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- DescriptionSouth Asia, which consists of eight states of different sizes and capabilities, is characterized by high levels of insecurity at the inter-state, intra-state, and human level: insecurity that is manifest in both traditional and n-traditional security problems-especially transnational terrorism fuelled by militant religious ideologies. To explain what has caused and contributed to the perpetual insecurity and human suffering in the region, this book engages scholars of international relations, comparative politics, historical sociology, and ecomic development, among others, to reveal and analyze the key underlying and proximate drivers. It argues that the problems are driven largely by two critical variables: the presence of weak states and weak cooperative interstate rms. Based on this analysis and the conclusions drawn, the book recommends specific policies for making the region secure and for developing the long lasting inter- and intra-state cooperative mechanisms necessary for the perpetuation of that security.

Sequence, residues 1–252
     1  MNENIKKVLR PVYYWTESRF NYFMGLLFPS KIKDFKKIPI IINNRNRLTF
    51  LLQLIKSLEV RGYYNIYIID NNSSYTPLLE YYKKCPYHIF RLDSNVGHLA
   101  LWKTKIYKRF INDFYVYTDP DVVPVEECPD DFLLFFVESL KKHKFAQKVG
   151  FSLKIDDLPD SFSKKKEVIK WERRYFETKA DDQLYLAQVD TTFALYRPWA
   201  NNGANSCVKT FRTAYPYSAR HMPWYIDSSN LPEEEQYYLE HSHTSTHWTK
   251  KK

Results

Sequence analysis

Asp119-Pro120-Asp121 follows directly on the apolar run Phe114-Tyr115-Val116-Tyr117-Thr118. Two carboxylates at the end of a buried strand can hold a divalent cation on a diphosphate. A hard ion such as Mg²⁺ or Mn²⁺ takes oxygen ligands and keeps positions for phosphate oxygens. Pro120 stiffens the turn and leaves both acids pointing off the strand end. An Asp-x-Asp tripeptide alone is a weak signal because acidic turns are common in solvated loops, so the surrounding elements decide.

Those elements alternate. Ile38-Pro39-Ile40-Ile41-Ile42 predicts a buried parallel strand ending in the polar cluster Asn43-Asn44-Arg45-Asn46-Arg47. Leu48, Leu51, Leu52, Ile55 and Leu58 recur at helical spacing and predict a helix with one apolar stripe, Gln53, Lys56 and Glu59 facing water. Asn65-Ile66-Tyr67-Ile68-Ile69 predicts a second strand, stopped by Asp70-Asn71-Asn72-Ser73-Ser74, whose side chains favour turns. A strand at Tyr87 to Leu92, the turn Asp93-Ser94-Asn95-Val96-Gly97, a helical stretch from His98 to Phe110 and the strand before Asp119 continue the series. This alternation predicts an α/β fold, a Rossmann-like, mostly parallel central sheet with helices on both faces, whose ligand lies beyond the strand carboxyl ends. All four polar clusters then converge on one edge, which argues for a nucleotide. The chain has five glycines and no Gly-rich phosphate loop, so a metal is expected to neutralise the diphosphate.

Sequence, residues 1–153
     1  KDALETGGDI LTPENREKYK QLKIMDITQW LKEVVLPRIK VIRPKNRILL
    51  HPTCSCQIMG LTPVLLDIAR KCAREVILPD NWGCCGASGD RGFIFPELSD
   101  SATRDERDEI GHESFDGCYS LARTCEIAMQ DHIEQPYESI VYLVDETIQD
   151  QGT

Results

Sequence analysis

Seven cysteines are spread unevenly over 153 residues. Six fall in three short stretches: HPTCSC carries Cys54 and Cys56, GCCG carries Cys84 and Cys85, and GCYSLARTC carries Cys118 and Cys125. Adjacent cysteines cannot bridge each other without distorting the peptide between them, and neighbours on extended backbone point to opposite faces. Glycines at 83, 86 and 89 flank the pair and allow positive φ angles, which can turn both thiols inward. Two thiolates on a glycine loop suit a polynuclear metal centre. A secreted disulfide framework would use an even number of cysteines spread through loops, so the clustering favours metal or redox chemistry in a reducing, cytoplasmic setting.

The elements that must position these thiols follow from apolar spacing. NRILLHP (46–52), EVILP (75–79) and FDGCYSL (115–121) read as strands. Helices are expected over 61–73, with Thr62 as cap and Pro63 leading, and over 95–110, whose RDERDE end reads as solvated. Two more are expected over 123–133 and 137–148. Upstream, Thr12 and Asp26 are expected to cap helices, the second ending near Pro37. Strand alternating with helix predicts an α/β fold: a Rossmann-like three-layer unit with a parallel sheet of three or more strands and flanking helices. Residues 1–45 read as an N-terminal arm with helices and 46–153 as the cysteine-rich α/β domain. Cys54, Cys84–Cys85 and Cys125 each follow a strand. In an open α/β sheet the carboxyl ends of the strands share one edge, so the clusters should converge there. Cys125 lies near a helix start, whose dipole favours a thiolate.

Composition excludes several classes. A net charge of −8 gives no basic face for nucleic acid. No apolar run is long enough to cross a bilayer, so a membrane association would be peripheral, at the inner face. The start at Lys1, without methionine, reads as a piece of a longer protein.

- Author BiographyT. V. Paul is Director of the McGill University/Universite de Montreal Centre for International Peace and Security Studies (CIPSS) and James McGill Professor of International Relations in the Department of Political Science at McGill University, Montreal, Canada.
- PublisherStanford University Press
- Date of Publication09/08/2010
- SubjectInternational Relations
- Place of PublicationPalo Alto
- Country of PublicationUnited States
- ImprintStanford University Press
- Content Note7 tables, 3 figures, 1 map
- Weight476 g
- Width152 mm
- Height229 mm
- Spine20 mm
- Edited byT. V. Paul
- Format DetailsTrade paperback (US)
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